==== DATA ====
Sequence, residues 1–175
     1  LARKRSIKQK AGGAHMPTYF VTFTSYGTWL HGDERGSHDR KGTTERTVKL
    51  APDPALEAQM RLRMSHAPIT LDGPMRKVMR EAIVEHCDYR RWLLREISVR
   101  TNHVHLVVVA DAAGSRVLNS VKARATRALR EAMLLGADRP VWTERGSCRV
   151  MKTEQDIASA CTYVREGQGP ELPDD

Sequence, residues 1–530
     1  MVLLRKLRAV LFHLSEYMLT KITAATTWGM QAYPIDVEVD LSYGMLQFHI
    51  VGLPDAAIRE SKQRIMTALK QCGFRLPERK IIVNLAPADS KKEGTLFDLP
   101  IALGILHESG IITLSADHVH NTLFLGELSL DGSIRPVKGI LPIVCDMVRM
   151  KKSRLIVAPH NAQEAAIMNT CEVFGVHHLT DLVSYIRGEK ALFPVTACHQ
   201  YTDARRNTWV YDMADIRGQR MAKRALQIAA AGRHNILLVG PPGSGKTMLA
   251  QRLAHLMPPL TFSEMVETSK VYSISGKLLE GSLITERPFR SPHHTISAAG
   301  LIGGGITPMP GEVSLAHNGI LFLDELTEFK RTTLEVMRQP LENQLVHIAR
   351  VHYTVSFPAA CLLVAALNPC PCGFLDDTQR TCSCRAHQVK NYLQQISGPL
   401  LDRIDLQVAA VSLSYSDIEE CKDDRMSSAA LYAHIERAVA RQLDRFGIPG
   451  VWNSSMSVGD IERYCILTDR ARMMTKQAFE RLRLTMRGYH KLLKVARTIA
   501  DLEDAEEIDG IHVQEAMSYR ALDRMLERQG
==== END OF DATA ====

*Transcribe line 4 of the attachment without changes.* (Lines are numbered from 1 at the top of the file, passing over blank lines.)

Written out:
   101  TNHVHLVVVA DAAGSRVLNS VKARATRALR EAMLLGADRP VWTERGSCRV